3. If they are just popping up with a million questions  that may or may not have anything do with math  you can try setting out a few pieces of candy  choc chips, m&m's, jelly beans, whatever  little things and say  if you can finish your math without talking about anything but math, you can have the candy. Every time you talk about something else, I take a piece of candy." Food  especially sweet food, lol  is a great motivator.
4. Sometimes  once in a while  we set aside our regular math work and play a game  yahtzee is a good one for math time. Can't do it every day, of course, but sometimes you just need to do something fun. My kids also like the Timez Attack game on the computer (they have +, , * and / now), and we like the card game Speed! for helping to learn mult tables. We do those last 2 often, for drill of facts, but once in a great while, we will just play games for math, rather than our regular work (oh, I'm talking about for the 5th grader  the 1st grader still gets lots of games in his math).
All of this is interspersed with pep talks and cheerleading and friendly (as friendly as I can remain) reminders that hard work is good for us, etc.
HTH,
Melissa
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Re: Finally decided to give up Singapore :( Now what?
Hi Kristin,
I also don't have experience with R&S math, but have known folks who used it in the past and I'm sure you will be fine, no worries, especially if your son does fine with plain workbook pages.
I just wanted to mention that there are plateaus and hard parts in any math program, so don't panic if it happens again. It seems like 3rd to 5th grades had them regularly, even with my mathy son. And, well, I can't say that he hasn't had those days even in precalculus, but I think he's used to them now and not as tearyeyed (although not to say it never happens). In elementary, we actually stopped Singapore on occasion to just play games, work on math facts, or use another math program I was able to purchase for those times. I didn't necessarily feel my son would benefit from moremoremore, but just from hovering in place for a while while his brain caught up. We might do just one of the "hard" problems a day, or just work on other things for a while. It sounds like you tried some of those things, as well, without as much success coming back.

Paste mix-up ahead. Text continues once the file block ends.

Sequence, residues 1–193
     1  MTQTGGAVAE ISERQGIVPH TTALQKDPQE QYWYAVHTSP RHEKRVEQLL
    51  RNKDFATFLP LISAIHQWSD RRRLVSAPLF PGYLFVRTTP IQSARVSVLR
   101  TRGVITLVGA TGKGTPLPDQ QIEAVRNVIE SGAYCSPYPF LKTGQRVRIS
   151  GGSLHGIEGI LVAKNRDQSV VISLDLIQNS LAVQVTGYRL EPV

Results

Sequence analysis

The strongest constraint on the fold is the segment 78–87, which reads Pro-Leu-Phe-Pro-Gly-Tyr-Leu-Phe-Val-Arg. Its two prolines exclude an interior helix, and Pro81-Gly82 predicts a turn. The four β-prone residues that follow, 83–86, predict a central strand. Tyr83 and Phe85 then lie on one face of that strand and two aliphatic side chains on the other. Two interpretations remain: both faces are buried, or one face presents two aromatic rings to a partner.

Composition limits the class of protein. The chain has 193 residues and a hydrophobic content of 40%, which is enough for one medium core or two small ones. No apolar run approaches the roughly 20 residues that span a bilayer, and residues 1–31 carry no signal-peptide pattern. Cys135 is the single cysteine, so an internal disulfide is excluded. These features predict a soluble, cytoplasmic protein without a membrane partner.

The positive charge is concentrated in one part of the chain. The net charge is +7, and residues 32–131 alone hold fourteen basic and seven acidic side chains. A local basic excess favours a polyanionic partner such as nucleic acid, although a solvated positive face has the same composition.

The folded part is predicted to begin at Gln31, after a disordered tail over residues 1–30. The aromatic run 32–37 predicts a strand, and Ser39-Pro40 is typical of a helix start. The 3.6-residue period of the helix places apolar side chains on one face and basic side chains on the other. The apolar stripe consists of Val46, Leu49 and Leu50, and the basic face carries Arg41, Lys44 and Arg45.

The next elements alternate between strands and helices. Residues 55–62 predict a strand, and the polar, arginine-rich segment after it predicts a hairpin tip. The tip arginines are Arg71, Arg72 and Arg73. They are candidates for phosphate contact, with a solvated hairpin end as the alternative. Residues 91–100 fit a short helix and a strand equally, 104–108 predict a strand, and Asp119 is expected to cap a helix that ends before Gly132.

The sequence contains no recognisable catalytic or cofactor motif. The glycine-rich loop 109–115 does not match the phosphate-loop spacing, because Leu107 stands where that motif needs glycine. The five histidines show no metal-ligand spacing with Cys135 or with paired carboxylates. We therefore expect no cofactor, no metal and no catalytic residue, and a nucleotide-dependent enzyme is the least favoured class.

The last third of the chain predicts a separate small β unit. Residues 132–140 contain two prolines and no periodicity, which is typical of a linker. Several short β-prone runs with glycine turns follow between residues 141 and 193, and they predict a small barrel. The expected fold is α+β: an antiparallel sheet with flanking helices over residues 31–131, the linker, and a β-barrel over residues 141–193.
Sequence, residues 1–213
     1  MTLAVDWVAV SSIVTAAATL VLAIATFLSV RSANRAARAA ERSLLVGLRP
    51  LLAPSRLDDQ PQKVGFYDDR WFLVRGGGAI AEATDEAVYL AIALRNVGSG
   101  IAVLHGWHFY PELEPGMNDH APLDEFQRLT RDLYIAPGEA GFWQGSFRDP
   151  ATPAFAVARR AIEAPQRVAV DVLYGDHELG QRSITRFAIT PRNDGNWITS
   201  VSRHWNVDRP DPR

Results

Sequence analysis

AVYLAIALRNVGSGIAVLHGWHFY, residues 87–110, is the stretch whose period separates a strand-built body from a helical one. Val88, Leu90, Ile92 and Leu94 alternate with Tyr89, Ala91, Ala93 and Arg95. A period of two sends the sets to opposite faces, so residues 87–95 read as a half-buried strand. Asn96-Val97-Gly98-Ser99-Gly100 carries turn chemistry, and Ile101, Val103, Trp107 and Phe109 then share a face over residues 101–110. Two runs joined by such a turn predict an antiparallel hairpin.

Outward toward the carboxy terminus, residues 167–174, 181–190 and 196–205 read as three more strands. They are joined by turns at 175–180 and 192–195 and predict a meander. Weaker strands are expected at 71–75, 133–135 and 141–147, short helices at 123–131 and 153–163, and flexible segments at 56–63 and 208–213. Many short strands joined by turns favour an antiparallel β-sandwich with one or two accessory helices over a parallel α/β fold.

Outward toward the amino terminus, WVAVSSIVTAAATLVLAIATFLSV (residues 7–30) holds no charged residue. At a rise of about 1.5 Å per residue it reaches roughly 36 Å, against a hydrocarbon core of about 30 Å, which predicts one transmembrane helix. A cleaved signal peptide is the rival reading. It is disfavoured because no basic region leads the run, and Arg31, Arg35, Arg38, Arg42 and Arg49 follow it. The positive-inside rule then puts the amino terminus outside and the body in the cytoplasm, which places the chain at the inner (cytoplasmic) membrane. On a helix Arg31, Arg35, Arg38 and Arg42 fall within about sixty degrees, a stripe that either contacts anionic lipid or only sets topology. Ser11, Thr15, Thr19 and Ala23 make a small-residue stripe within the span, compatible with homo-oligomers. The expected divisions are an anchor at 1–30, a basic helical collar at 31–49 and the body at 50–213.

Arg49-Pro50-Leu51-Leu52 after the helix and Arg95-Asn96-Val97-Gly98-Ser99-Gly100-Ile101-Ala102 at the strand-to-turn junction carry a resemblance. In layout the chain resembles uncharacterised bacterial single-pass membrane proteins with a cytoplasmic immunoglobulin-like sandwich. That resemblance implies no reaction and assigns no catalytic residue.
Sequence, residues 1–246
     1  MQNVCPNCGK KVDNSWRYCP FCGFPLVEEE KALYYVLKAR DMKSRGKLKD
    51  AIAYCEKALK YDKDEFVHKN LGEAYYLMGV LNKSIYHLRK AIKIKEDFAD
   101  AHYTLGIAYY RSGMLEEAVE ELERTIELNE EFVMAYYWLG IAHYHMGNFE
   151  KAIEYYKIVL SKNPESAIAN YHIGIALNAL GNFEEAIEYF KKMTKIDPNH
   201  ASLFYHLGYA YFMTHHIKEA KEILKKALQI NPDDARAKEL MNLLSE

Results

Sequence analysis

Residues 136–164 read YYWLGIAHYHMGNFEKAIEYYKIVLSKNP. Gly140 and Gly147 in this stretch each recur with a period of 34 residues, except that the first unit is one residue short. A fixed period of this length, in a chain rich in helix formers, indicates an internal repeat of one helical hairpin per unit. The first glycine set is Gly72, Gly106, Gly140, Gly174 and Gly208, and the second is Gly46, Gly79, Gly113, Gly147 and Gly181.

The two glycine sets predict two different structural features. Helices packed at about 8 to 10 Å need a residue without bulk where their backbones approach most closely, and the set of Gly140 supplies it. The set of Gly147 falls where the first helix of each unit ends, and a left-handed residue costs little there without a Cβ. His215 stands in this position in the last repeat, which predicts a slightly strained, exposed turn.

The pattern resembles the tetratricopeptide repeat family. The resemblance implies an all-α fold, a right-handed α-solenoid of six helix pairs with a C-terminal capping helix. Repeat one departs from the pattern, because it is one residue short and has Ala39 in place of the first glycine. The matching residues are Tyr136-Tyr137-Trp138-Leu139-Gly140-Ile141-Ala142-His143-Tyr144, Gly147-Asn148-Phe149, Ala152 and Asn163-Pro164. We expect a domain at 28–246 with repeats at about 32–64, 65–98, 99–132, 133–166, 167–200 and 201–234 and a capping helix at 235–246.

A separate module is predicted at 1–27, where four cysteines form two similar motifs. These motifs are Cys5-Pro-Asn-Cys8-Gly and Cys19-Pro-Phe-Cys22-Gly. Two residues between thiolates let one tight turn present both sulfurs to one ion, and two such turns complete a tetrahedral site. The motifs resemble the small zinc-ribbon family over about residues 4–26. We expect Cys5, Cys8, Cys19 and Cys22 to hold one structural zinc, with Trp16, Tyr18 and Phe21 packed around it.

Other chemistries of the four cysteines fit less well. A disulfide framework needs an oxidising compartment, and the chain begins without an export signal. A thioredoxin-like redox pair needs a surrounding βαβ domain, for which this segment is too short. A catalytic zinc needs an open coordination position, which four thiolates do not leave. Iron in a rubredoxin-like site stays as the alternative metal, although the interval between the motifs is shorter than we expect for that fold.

I'm not trying to discourage you at all from following your plan to switch to R&S, but just to help you succeed if you find bumps again in the future, since you don't have those local homeschoolers to chat with. Here are a few encouragement threads in that regard:
http://board.mfwbooks.com/viewtopic.php?f=23&t=3775
http://board.mfwbooks.com/viewtopic.php?f=23&t=3953
Julie
I also don't have experience with R&S math, but have known folks who used it in the past and I'm sure you will be fine, no worries, especially if your son does fine with plain workbook pages.
I just wanted to mention that there are plateaus and hard parts in any math program, so don't panic if it happens again. It seems like 3rd to 5th grades had them regularly, even with my mathy son. And, well, I can't say that he hasn't had those days even in precalculus, but I think he's used to them now and not as tearyeyed (although not to say it never happens). In elementary, we actually stopped Singapore on occasion to just play games, work on math facts, or use another math program I was able to purchase for those times. I didn't necessarily feel my son would benefit from moremoremore, but just from hovering in place for a while while his brain caught up. We might do just one of the "hard" problems a day, or just work on other things for a while. It sounds like you tried some of those things, as well, without as much success coming back.
I'm not trying to discourage you at all from following your plan to switch to R&S, but just to help you succeed if you find bumps again in the future, since you don't have those local homeschoolers to chat with. Here are a few encouragement threads in that regard:
http://board.mfwbooks.com/viewtopic.php?f=23&t=3775
http://board.mfwbooks.com/viewtopic.php?f=23&t=3953
Julie
Julie, married 29 yrs, finding our way without Shane
(http://www.CaringBridge.org/visit/ShaneHansell)
Reid (21) college student; used MFW 3rd12th grades (20042014)
Alexandra (29) mother; hs from 10th grade (2002)
Travis (32) engineer; never hs
(http://www.CaringBridge.org/visit/ShaneHansell)
Reid (21) college student; used MFW 3rd12th grades (20042014)
Alexandra (29) mother; hs from 10th grade (2002)
Travis (32) engineer; never hs